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Sunderland AFC and the origin of Athletic Club De Bilbao’s red and white colours

Extensive researched carried out by the Bilbao Black Cats branch of Sunderland supporters has unearthed some interesting information about the famous Bilbao red and white stripes, and how it all links back to Wearside.

1st red and white kit of Athletic Club.  (Archive from the Biscay Provincial Council) 

The passing of time makes stories fade away. The men who were once heroes for the Athletic Club faithful, have today almost been erased from memory. Those tales that were passed on by word of mouth in the streets of Bilbao are no longer even known today. Nowadays, we are no longer even aware of their existence.

The first recorded football match played in Bilbao was June 29th, 1889, between Barmston Rangers (believed to be members of the SS Barmston, built in Sunderland, 1888) and British sailors from the steamships Abydos, Harven, Nina and Dawdon.

The latter two were built on Wearside. It is said that British miners also took part in the game.

The match was reported in the Sunderland Echo & Shipping Gazette on July 4th 1889.

The first record of an association football match in Spain was between “Barmston Rangers” and “Abydos and others” on 29 June 1889, with details appearing in the Sunderland Echo in July 1889. Sunderland Echo & Shipping Gazette, Thursday 04 July 1889

However, it is the origin of Athletic Club’s red and white shirts which has been the subject of numerous debates throughout its history. Different theories circulate as to how, by whom and why the colours were changed in January 1910. The most widely held theory is that the bearer of the shirts was a student from Bilbao called Juan Elorduy.

It is claimed that on an alleged Christmas trip to England, when he could not find the blue and white shirts based on Blackburn Rovers which were ordered by the club, he set sail back to Bilbao with red and white shirts from the city of Southampton, which was all due to a lovely coincidence.

Recent studies carried out by Basque sports researcher Borja Valle and members of Sunderland AFC’s official supporters branch in Vizcaya (Biscay), the “Bilbao Black Cats”, Lee Thirkell, Jonny Cockburn, Mark Beston and Ekaitz Muñoz, give a version that differs from those known to date.

If we want to understand the story better, we must travel back to the end of 1909.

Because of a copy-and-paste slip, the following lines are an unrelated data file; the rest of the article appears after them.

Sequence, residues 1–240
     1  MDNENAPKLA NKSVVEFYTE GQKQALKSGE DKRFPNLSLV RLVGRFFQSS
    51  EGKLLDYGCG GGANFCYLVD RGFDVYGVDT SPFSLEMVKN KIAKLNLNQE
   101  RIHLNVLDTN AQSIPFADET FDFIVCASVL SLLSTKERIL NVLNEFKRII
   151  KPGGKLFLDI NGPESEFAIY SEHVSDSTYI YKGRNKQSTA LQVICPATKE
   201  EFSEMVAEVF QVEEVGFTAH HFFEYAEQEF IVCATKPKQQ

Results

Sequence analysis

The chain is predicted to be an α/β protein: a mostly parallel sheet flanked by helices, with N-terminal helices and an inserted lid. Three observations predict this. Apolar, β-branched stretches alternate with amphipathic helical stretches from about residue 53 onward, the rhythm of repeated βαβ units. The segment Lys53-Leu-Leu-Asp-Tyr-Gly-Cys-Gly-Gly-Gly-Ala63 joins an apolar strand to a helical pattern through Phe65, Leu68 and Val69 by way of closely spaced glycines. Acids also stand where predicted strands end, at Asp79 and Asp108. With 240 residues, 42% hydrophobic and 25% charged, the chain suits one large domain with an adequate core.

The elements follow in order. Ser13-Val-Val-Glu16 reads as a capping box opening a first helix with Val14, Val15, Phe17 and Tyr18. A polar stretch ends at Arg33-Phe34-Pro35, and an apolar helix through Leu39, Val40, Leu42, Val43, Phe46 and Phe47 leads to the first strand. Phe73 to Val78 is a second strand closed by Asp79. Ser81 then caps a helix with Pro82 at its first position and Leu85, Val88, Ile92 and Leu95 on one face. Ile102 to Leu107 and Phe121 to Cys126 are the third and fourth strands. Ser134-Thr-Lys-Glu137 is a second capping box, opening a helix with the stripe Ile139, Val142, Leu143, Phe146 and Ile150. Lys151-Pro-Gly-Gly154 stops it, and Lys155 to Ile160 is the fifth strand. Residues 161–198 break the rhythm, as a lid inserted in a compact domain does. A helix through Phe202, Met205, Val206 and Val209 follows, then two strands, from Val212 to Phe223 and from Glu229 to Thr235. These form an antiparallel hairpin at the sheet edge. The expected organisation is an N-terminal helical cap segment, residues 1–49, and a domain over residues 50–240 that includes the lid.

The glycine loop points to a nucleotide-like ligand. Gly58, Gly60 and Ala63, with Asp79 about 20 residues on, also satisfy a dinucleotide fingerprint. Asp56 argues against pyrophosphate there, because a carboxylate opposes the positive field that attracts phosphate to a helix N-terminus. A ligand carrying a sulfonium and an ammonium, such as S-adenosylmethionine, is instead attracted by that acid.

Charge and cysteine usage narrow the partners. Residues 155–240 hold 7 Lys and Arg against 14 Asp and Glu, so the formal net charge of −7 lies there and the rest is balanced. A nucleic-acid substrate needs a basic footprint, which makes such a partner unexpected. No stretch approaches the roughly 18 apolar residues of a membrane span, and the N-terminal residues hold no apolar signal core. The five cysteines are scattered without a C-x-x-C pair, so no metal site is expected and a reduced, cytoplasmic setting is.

Match between Athletic Club and La Sociedad de Football de San Sebastián in San Sebastián 1909 (Archive from the Biscay Provincial Council)

At the beginning of November in 1909, Athletic Club once again visited Donosti (San Sebastián) at the invitation of “Sociedad de Football San Sebastián” for the inauguration of the new Ondarreta ground. Due to the constant rain throughout the morning, the pitch was extremely wet. The new stand facing the sea was completely drenched. From the moment the match got underway, the rain started to fall once more and it only got heavier as the match went on.

The Goalkeeper, Crawford, who according to newspaper archives seems to have come from Queens Park Rangers, was the number one in that match for “Athletic Club”. During the game he complained about the continuous confusion created by the blue and white shirts of both teams worn at that time. The English goalie was unable to distinguish the players of the two sides due to the downpour and the poor visibility during the match.

This is how it all began. Throughout the month of November in 1909, attempts were made to get the team from San Sebastián to change their colours because of what had happened to the Athletic goalkeeper in the previous match. Athletic Club pointed out that it should be the team from Gipuzkoa that changed its colours because the side from Bilbao had been founded earlier. However, the “Sociedad de Football de San Sebastián” argued that as they were the Cup champions from the previous season, it ought to be Athletic Club that should change kits.

Match between Athletic Club and La Sociedad de Football de San Sebastián in San Sebastián 1909 (Archive from the Biscay Provincial Council)

In subsequent meetings, Juan Arzuaga Anitua (Bilbao, 1880), second Honorary Captain of Athletic Club, made it known that, in the event of changing colours, “Sunderland AFC”, one of the best historic English teams of the late 19th and early 20th centuries, had a stunning kit with red and white vertical stripes. What better choice!